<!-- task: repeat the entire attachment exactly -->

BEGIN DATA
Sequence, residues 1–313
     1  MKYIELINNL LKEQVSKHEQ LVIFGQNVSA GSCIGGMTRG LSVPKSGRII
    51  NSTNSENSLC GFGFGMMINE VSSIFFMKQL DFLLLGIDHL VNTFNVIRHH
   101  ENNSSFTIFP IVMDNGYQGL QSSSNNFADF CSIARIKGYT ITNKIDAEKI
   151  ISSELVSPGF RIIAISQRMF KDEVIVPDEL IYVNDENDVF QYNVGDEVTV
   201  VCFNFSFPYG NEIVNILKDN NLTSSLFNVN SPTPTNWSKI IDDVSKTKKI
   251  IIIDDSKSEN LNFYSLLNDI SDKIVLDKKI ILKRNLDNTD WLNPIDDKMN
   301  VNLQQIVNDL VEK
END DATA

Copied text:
Sequence, residues 1–313
     1  MKYIELINNL LKEQVSKHEQ LVIFGQNVSA GSCIGGMTRG LSVPKSGRII
    51  NSTNSENSLC GFGFGMMINE VSSIFFMKQL DFLLLGIDHL VNTFNVIRHH
   101  ENNSSFTIFP IVMDNGYQGL QSSSNNFADF CSIARIKGYT ITNKIDAEKI
   151  ISSELVSPGF RIIAISQRMF KDEVIVPDEL IYVNDENDVF QYNVGDEVTV
   201  VCFNFSFPYG NEIVNILKDN NLTSSLFNVN SPTPTNWSKI IDDVSKTKKI
   251  IIIDDSKSEN LNFYSLLNDI SDKIVLDKKI ILKRNLDNTD WLNPIDDKMN
   301  VNLQQIVNDL VEK